2-(3m)-?
  • Pass - Weak. We are off the hook. Please do not bid.
  • Double - Bid your suit.
  • 3 (over 3 only) - Natural, forcing.
  • 3 - Natural, forcing.
  • 3 - Natural, forcing.
  • 3NT and up: system on.
Note that we don't have a way to show strong clubs on 2-(3)-?. Oh well.

2-(P)-P-(X); ?
Pass always, partner will run if it is right. Perhaps redouble should show some specific diamond length (either shortness, i.e. S.O.S., or length).

2-(P)-any bid-(X); ?
System on, redouble does not exist.

2-(P)-(any bid)-(any different bid); ?
System on as much as possible, if the systemic call is still available make it (including stolen bid doubles). Pass is a catchall for lower responses.

There are a few more sequences that require specific agreements, I've included them below.
Spoiler


Based on the above I still have a number of questions.
  • What are some good answering schemes to 2NT? Some popular ones I've seen include:
    • 3 any medium hand (3 asks for the suit while 3/3 are P/C. Over 3 opener bids the major they don't have); 3 weak with hearts, 3 weak with spades (responder's rebids are natural), 3 strong with hearts, 3NT strong with spades.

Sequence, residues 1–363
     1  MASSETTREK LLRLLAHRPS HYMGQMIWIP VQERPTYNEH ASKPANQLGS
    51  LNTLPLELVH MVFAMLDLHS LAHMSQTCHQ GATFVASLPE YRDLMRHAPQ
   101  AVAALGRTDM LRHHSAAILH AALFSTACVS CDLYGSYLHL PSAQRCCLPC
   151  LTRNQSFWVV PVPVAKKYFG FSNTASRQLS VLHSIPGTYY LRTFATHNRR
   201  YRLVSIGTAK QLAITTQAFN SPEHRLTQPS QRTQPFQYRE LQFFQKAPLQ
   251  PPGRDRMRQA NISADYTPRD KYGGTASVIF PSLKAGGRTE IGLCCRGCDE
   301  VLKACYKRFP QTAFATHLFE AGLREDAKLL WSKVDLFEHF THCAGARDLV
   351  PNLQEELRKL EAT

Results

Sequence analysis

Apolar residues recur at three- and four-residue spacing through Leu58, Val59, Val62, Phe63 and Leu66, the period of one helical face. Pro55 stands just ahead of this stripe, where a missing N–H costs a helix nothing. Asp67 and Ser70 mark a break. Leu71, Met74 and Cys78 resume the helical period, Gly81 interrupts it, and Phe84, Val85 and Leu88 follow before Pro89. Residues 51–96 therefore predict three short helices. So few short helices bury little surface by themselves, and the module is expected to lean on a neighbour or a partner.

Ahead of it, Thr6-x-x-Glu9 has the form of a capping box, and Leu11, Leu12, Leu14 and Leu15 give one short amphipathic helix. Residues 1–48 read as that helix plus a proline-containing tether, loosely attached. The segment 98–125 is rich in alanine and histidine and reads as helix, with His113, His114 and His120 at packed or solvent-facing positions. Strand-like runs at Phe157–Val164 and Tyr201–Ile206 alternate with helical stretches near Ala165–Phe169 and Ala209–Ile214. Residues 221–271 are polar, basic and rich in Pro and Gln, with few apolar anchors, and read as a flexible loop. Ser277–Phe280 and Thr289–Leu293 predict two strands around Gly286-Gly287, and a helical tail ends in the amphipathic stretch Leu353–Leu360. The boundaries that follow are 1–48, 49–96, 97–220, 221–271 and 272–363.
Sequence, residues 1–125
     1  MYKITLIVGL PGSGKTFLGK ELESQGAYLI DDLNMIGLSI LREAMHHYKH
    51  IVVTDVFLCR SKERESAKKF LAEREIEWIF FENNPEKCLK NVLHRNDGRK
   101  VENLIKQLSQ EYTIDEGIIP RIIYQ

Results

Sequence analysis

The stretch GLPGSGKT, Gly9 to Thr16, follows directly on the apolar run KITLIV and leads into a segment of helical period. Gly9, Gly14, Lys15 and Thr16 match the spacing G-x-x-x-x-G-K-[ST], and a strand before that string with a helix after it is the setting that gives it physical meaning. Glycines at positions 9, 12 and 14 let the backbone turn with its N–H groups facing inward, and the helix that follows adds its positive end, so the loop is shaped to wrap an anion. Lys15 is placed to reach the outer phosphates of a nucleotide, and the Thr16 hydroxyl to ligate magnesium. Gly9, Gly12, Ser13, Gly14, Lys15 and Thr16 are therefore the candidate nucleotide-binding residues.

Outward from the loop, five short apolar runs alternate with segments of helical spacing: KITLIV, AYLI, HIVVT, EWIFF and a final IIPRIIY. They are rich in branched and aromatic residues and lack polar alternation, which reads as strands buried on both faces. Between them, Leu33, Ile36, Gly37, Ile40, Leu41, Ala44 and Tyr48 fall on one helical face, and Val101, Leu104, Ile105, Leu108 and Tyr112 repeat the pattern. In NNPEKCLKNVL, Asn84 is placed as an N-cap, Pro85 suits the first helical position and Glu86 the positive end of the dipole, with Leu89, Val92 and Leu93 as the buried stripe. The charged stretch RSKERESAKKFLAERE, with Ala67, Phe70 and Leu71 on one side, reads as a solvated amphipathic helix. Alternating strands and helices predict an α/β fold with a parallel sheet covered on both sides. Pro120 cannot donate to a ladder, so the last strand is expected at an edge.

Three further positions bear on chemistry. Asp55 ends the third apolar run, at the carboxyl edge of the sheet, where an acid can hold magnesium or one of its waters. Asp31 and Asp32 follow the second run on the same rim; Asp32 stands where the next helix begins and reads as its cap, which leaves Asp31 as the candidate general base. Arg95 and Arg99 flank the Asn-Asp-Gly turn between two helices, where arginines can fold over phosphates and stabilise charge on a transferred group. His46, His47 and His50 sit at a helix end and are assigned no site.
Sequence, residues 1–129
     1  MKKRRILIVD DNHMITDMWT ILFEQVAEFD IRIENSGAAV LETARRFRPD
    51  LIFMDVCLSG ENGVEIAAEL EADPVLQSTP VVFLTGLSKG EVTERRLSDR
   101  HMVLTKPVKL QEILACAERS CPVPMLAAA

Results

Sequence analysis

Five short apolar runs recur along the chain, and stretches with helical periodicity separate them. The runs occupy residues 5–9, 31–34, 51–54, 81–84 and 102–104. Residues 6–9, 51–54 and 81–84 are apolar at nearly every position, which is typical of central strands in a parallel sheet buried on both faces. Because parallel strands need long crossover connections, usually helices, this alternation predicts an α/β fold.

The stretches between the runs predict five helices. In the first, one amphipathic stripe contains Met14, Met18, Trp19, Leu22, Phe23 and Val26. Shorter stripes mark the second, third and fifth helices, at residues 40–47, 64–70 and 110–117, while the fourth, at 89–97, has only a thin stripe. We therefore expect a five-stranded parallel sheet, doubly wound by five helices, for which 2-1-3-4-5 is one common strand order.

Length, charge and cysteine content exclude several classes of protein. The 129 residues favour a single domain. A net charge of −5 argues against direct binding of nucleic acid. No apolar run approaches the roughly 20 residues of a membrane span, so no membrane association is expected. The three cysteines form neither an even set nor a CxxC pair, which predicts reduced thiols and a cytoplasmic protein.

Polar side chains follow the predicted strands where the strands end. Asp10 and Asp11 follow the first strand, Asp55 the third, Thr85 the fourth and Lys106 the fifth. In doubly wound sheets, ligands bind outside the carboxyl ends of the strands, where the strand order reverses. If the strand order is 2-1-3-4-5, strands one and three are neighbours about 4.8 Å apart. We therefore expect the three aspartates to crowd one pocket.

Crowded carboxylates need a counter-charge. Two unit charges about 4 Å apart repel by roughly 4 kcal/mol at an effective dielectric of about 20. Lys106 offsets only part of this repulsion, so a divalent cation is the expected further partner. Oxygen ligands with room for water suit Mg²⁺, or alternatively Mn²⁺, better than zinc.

• 3 weak with hearts, 3 weak with spades, 3 strong with spades, 3 strong with hearts.
    • 3 any 5-card suit (3 asks, similar to above), 3 minimum with 6 hearts, 3 minimum with 6 spades, 3 maximum with 6 hearts, 3NT maximum with 6 spades.
    Our multi will contain a lot of really lousy hands, we really don't need bids showing AKQxxx or the likes (we won't have that hand).
  • What do you use 2-(2M)-3M/3oM for? Playing, say, 2-(2)-3* as P/C seems strange.
  • What (if anything) should 2-(X)-3 show?
  • What is a good structure over 2-(2NT)-?
  • This one varies by region, which common artificial overcalls and defences is it worth preparing for?
  • If we get overcalled at the 3M-level or higher, are there some simple meta-rules on the meaning of our bids? Which bids are P/C or help us identify opener's major suit?
  • There are multiple auctions (especially competitive ones, e.g. 2-(X)-?), where there might be merit to using a jump to 4 as P/C to apply maximum pressure. Between 2NT and 3 we already have two ways to get to 4 without it being P/C. Would it make sense to swap a direct 4 for a P/C bid? If so, in which situations would this (not) be a good idea?